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What to Do With Cured Sausage?

So I bought some very exciting spicy leek Greek sausage at a real good butcher shop (fwiw, Artopolis in Astoria). And it dawns on my I have no idea what to do with it.

I've never had cured sausage in my kitchen before. I asked a friend, and he suggested I basically treat it like shoe leather, stewing for 4-5 hours then serving it heavily sauced.

I have reason to think this will have lots of flavor, so I don't want to do too much to bury its goodness. What's a nice simple way to do it?

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  1. If this is what you mean by "cured sausage," then you don't cook it.

    http://www.nytimes.com/2006/05/17/din...

    1. You can use those as seasoning, depending on the flavors involved. I like to make a stew with salt cod, potatoes, onion and tomato, with smoked Spanish paprika and a pinch of saffron threads heated up in some dry white wine as the primary seasoning ingredients. When I get some dry Spanish chorizo I like to chop that up and throw it in too. That same dish can lean Mediterranean French with herbes de Provence and chopped saucisse sec, so I'd expect you could do a Greek version too. You don't even need the cod if you don't want it; cubed lamb shoulder would be good, maybe better!

      No, all the salumi family don't get cooked as often as eaten dry, but it's not that unusual. Pizza, anyone?

      1 Reply
      1. re: Will Owen

        Excellent point and ideas. I wasn't thinking about adding it to other things.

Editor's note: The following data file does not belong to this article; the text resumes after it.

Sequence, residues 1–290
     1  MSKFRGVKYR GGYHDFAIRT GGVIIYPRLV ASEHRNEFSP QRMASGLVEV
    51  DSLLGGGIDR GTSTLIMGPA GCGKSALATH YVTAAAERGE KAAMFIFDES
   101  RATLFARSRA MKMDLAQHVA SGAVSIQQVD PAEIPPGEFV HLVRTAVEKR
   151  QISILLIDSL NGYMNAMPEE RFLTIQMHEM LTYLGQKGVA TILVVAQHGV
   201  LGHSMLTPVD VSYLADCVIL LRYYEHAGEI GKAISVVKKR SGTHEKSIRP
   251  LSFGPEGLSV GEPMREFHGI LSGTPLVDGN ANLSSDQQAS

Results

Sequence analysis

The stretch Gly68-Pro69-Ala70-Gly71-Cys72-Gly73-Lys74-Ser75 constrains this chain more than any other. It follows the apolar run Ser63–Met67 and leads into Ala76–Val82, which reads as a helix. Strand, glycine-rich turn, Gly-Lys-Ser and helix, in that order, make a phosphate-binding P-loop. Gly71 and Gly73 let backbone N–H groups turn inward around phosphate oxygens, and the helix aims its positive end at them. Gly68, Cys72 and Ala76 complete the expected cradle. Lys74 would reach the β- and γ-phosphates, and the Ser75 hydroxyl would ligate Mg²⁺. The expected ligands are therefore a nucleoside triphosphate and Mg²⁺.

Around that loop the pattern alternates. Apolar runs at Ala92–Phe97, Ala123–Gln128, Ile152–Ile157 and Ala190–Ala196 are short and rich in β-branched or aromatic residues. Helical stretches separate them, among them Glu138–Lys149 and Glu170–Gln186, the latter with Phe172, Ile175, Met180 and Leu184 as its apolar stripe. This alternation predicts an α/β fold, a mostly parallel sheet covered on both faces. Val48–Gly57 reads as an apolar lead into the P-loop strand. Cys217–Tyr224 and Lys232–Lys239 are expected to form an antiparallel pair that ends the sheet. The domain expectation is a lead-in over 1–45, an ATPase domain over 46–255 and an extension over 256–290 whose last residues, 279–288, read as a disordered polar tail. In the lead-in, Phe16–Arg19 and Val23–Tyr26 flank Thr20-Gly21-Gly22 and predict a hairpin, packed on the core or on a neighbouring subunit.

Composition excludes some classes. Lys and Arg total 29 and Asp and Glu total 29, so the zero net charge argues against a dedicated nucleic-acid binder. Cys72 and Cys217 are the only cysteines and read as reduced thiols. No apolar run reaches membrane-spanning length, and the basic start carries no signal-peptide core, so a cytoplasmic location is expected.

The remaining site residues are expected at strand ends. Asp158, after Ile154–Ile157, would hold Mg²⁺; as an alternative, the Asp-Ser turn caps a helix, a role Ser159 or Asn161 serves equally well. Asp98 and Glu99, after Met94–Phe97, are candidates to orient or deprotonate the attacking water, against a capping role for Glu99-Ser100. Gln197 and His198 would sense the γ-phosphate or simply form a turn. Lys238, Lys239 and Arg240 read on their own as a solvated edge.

2. Is it Loukaniko, if so there are lots of simple ways to use it.
        https://www.google.com/search?q=+Louk...

        1. Diced up fine, add it for the last few minutes to a diced potato/onion homefry

          2 Replies
          1. re: FriedClamFanatic

            Ding ding ding. We have a winner!

            You just used two magic words....

            1. re: Jim Leff

              Rofl...all you wanna do is heat the sausage.....the rest.well.as you like. It adds a nice dimension/flavor

          2. There's a tang resulting from the fermentation process in cured sausage that will disappear if you cook it. You certainly CAN, but heat will turn it into a different thing entirely. I'd suggest trying it as is first. Thin-sliced, with good bread and condiments. Always open-faced and preferably served on a wooden slat or cutting board. Accompanying charcuterie with cornichons, bread, mustard, butter, and beer is standard for a reason.

            2 Replies
            1. re: greygarious

              You're quite right about that, on both accounts. While cooking cured sausage is not a misuse, you do lose that lovely pungency you get when it's raw, which is how you should get acquainted with a new one. And if it were expensive and/or hard to come by, the only cooking I'd do with it would be a small bit in scrambled eggs. For cooking I buy the ones Trader Joe's carries, or the commercial Spanish chorizo fro the neighborhood Latino market.

              It is mistake to cook it for too long; in the stew I mentioned, the sausage is diced very coarsely, and added to the stew along with the pre-fried fish chunks to finish in the oven after the potatoes have cooked. That way it adds flavor without losing all of its own.

              1. re: greygarious

                I agree. If it's that special I'd just eat it the first time around. Fool around with it after that.